They examined the nerdiest of numbers from the compound annual growth rate in inflation-adjusted GDP to cost premium, affordability, taxes, job growth, and housing availability.

“Buying a house is a big decision and a big commitment,” the company notes. “Although U.S. home prices have risen in the long term, the last decade has shown that path is sometimes full of twists, turns, dizzying heights and steep, abrupt falls. Today, home prices are stabilizing and increasing in most areas of the U.S.”

Click here to continue reading the list of the 12 best places to buy a home…

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Housing News

Average age of houses on the rise, so is it now better or worse to buy new?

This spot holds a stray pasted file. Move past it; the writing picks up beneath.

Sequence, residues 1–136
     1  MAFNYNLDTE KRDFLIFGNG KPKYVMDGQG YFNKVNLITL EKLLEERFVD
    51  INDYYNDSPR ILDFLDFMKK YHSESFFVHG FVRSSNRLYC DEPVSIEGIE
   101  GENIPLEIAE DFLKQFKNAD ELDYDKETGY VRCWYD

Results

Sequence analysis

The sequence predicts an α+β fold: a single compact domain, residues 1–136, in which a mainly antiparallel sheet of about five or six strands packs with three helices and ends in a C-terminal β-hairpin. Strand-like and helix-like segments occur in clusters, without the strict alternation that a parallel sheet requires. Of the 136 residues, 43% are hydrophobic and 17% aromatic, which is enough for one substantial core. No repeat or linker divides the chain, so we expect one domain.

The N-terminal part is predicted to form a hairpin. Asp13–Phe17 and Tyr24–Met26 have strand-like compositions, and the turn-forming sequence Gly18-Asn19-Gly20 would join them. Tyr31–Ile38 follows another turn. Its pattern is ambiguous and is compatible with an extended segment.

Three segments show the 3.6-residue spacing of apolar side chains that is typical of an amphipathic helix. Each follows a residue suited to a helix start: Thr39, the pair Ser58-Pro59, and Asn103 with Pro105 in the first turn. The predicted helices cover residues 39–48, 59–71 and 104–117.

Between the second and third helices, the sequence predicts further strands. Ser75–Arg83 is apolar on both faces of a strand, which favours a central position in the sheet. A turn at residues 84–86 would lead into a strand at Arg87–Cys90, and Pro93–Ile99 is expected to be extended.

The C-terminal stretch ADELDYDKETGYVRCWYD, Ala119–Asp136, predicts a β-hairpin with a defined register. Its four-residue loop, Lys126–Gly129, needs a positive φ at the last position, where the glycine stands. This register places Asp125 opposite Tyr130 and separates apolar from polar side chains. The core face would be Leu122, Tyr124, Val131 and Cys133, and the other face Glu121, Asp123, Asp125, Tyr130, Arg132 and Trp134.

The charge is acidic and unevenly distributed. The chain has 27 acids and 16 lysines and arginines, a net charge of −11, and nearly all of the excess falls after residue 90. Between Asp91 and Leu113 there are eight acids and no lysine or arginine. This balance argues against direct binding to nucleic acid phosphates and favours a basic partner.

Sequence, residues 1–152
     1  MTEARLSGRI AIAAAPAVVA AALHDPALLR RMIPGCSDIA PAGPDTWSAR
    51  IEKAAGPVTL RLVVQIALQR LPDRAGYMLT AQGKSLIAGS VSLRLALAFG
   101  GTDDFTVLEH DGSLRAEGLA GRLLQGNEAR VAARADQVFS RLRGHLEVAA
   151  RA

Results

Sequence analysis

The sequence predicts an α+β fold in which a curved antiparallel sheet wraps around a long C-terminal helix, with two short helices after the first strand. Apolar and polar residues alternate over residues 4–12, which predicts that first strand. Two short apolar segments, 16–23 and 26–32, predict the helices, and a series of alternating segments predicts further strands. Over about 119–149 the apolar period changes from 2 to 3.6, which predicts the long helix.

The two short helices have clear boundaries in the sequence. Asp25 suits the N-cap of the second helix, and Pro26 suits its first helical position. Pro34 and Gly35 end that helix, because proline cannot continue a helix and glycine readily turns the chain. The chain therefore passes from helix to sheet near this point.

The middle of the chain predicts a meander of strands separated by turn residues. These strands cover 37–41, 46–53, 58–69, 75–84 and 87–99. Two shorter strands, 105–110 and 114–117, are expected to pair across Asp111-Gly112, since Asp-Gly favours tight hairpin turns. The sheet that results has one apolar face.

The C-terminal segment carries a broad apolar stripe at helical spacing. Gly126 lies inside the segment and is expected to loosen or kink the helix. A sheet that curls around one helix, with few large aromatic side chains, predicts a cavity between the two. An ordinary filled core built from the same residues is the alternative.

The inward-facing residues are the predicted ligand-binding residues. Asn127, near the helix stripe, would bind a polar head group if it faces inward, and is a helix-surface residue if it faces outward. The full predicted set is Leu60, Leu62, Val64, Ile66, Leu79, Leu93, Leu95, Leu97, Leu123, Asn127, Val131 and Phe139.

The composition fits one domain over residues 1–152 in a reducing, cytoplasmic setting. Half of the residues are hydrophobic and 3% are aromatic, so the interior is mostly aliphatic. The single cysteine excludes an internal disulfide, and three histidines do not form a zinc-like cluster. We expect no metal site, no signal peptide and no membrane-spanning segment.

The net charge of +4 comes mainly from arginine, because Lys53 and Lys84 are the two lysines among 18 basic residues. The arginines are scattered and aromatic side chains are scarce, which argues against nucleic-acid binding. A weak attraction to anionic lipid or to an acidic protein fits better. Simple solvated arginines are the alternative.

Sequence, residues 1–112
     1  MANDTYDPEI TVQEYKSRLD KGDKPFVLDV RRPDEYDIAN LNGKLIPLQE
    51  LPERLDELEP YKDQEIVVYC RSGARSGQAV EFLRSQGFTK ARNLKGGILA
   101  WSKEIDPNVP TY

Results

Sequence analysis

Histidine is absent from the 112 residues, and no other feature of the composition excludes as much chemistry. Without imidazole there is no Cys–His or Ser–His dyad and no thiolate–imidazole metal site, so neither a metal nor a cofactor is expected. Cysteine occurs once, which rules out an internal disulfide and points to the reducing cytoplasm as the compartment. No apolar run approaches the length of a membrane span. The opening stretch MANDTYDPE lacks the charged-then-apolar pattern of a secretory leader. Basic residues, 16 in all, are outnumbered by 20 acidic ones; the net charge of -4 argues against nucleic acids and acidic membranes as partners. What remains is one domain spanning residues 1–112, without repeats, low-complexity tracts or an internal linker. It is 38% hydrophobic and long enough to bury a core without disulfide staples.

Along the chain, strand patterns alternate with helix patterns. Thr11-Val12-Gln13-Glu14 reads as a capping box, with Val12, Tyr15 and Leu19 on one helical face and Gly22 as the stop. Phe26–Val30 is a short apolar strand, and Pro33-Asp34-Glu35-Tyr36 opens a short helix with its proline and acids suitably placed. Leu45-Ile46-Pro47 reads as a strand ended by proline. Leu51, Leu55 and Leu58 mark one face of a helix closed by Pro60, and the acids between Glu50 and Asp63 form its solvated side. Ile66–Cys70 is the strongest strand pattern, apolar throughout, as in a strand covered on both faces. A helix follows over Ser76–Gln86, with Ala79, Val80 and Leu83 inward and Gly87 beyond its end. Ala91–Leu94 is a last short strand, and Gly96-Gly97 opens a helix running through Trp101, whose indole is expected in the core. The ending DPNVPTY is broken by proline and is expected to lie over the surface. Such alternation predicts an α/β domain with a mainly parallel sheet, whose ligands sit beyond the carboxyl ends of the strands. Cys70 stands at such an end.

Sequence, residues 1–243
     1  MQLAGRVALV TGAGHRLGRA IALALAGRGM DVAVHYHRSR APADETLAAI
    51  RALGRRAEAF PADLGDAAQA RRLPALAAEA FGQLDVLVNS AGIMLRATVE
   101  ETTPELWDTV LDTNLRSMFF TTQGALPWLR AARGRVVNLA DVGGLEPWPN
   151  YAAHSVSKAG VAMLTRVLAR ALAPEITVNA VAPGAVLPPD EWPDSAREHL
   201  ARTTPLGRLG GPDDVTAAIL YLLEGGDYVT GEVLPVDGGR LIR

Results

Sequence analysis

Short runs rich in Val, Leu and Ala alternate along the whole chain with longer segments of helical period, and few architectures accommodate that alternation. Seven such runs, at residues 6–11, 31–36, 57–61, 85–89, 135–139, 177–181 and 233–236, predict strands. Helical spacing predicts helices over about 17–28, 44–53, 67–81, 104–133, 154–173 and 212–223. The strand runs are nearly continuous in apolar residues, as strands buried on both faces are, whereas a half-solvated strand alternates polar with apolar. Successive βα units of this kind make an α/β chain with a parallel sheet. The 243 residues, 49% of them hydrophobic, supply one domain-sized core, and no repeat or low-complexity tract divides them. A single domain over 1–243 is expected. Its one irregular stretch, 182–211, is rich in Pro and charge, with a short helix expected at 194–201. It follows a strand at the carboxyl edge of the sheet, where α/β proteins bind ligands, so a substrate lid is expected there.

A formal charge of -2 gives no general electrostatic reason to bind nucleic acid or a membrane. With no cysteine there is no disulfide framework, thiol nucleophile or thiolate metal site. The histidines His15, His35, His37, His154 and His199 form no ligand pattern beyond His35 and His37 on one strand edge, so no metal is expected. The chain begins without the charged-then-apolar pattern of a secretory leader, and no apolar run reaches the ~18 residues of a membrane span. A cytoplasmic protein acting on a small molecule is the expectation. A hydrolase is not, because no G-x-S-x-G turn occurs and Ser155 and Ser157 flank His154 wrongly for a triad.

With aging housing in America, are first-time buyers better off buying new or existing homes? The average age of a home is rising, as is the price of new housing, so a shift could be upon us.

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aging housing inventory

aging housing inventory

The average home age is higher than ever

(REALUOSO.COM) – In a survey from the Department of Housing and Urban Development American Housing Survey (AHS), the median age of homes in the United States was 35 years old. In Texas, homes are a bit younger with the median age between 19 – 29 years. The northeast has the oldest homes, with the median age between 50 – 61 years. In 1985, the median age of a home was only 23 years.